Content published in the local media is seen as a powerful campaigning tool during elections. In 2021, the fact-checking website Faktograf demonstrated how newly set-up websites published articles without bylines and sources,  content whose only aim was to discredit a left political party in Zagreb. Furthermore, Skender’s research revealed that out of 338 companies that received financial support from the local administration in 2020 and 2021, 98 weren’t even registered as media. This shows that anyone can set up a media structure to get funding from local administrations, without being bound by media rules and regulations on fair election coverage. Such practices are of great concern in 2024 when Croatia will vote three times: at the European elections in June, the parliamentary election in early autumn, and the presidential elections in December. 

Meanwhile, the Croatian Journalists’ Association has been working on a media funding model for local governments, which highlights the need for establishing independent juries to award the public advertising funds to the media. “The sales pitch for the local administration is that they are protecting themselves in this way. Sure, they will not be able to influence the media content, but the media publishers also cannot blackmail them with negative coverage if they are not given the money,” said Skender. So far, four cities including Zagreb have accepted or implemented HND’s recommendations , while several others have also shown interest in the new funding model.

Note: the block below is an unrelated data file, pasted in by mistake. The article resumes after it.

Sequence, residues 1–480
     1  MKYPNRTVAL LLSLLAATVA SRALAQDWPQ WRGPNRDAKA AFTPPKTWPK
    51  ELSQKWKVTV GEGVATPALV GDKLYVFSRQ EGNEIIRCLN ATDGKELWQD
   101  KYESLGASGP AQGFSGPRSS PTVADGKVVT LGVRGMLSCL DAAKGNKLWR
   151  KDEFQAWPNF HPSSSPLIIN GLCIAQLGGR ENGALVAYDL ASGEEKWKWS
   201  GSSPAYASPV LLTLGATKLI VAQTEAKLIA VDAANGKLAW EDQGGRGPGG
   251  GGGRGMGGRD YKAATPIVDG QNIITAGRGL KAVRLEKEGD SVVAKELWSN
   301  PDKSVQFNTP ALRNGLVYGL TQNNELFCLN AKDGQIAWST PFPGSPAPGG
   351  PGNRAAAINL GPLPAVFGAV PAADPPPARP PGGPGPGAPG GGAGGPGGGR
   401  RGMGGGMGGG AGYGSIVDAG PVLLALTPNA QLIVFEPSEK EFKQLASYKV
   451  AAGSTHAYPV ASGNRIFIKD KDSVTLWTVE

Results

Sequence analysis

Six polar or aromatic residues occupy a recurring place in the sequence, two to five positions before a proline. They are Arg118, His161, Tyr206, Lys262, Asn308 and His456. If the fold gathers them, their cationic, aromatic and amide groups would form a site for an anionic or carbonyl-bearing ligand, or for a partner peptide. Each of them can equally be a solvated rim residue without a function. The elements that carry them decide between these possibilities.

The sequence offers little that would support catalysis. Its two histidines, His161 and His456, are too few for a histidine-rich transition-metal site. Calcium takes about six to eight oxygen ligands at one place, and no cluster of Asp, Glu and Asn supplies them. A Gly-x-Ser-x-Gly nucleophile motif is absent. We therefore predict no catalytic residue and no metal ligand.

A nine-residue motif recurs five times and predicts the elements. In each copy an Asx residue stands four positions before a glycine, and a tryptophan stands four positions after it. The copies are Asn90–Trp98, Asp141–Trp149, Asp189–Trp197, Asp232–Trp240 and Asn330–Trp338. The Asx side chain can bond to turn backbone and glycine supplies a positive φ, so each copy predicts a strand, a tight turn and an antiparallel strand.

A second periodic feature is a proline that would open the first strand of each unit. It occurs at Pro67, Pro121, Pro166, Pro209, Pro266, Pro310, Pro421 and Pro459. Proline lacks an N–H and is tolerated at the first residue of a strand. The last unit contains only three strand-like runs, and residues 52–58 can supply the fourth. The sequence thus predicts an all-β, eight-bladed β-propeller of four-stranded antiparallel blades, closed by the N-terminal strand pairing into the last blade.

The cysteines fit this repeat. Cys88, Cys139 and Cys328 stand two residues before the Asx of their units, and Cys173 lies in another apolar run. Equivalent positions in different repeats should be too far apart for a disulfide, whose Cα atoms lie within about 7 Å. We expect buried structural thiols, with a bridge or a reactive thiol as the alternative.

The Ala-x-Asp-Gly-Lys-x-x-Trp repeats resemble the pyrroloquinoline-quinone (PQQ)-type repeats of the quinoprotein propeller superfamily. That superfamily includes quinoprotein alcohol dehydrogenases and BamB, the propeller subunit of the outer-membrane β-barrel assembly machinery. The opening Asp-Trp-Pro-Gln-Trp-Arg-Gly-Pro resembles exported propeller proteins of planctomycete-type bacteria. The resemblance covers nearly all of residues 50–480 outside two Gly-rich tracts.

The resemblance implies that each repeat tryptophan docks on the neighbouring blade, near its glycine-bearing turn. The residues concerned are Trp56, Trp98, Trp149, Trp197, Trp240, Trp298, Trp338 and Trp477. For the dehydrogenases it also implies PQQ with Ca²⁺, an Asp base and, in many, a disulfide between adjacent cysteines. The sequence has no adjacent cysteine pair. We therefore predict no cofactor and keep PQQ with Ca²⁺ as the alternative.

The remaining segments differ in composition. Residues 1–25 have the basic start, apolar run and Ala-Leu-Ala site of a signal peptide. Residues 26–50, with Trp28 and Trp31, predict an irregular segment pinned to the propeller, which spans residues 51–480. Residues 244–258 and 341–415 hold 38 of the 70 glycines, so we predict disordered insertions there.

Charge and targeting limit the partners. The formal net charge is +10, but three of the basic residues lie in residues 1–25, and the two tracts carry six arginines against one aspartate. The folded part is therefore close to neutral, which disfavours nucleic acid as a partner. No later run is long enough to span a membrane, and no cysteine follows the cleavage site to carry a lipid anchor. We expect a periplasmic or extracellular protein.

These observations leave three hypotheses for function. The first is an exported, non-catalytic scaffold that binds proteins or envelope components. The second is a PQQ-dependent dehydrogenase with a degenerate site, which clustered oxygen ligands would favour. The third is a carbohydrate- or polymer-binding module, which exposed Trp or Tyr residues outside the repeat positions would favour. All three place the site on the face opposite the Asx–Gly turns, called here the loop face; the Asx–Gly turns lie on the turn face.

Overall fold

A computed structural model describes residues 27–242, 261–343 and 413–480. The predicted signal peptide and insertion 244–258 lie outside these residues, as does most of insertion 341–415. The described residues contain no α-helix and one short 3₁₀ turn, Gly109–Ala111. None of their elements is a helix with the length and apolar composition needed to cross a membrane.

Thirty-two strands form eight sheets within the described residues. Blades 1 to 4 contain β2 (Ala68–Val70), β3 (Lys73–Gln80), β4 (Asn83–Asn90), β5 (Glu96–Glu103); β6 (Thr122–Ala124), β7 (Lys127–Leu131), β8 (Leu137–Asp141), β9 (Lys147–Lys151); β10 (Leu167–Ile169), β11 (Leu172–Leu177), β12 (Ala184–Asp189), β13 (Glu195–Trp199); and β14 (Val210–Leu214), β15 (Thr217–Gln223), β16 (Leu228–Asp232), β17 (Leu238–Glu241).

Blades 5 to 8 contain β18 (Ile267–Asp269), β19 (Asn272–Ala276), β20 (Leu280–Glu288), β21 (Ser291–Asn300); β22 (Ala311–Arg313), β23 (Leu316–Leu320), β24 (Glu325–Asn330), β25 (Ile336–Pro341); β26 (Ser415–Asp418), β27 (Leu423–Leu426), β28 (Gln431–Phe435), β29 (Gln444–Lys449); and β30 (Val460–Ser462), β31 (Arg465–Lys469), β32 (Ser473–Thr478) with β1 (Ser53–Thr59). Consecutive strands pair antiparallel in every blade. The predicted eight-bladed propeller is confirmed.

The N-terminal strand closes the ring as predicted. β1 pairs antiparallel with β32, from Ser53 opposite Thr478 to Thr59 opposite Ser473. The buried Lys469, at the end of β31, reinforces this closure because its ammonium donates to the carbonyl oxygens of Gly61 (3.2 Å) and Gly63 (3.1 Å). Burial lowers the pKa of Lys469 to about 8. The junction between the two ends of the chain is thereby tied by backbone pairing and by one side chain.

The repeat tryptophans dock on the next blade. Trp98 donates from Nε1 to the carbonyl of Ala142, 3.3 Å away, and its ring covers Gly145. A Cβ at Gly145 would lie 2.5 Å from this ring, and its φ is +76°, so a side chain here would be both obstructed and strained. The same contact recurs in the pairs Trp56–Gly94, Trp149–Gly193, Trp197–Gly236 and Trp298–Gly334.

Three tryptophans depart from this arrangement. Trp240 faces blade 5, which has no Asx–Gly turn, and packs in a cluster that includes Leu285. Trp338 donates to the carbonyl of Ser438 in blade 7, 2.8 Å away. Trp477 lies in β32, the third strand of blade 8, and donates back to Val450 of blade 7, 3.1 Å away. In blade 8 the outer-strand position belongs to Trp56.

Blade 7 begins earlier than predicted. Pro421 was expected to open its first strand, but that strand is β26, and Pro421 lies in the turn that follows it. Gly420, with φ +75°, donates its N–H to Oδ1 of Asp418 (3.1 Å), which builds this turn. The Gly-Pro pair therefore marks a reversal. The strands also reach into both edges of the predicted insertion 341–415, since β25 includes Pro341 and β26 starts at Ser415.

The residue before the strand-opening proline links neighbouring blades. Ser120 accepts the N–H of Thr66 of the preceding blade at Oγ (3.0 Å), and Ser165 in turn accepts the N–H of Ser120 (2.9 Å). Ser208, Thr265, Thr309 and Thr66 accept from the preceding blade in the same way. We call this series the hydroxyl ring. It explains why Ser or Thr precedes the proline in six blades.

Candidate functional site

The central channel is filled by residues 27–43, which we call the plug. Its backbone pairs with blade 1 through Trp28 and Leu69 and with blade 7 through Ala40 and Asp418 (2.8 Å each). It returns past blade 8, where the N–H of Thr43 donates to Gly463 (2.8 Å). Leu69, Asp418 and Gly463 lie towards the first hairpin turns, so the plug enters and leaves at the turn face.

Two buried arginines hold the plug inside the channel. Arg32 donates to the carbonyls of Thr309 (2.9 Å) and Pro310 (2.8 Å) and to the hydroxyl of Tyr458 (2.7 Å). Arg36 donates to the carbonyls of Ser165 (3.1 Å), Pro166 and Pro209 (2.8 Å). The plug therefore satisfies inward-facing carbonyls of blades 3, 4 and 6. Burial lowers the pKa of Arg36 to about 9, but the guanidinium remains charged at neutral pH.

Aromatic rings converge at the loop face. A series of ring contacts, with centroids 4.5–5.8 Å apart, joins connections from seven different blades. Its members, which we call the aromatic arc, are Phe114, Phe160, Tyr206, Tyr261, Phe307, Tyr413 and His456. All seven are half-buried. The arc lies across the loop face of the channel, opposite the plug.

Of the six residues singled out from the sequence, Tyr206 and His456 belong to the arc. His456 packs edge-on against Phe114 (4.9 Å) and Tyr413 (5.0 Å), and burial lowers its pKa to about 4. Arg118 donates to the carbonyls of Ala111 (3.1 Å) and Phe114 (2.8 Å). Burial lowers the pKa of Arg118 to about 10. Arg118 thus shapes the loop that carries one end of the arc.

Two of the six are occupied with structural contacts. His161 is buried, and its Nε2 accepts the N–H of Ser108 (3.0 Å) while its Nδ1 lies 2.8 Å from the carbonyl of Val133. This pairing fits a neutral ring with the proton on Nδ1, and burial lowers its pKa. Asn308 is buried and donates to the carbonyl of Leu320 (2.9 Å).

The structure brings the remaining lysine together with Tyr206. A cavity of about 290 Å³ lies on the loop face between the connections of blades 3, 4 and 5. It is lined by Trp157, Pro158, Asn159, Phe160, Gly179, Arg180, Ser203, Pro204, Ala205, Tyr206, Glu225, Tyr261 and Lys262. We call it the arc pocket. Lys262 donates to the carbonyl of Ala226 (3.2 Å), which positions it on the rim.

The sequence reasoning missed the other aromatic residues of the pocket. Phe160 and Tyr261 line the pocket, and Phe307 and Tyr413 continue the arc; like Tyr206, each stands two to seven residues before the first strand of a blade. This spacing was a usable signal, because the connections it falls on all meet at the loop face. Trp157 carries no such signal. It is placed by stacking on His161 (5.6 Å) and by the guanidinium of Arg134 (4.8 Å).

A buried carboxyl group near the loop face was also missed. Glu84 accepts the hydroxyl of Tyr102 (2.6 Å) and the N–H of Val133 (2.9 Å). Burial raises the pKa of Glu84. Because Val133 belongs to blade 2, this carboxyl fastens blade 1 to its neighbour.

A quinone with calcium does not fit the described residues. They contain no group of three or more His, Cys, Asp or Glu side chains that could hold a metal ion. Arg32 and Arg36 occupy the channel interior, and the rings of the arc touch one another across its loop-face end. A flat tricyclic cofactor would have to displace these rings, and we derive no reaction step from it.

At the European level the Media Freedom Act (EMFA) which was finalised in December 2023, also seeks to end the politicised distribution of state advertising funds by governments across the European Union. Article 24 of the EMFA requires governments to distribute funds objectively, non-discriminately and transparently and empower regulatory bodies to monitor and provide public reports to expose any misuse of such funds. Regrettably, the new regulation only applies to political communities over a population of 100.000, meaning that many local governments in Croatia will not be covered by the new rules. 

This article was commissioned by IPI as part of the Media Freedom Rapid Response (MFRR), a Europe-wide mechanism which tracks, monitors and responds to violations of press and media freedom in EU Member States, Candidate Countries, and Ukraine. The project is co-funded by the European Commission.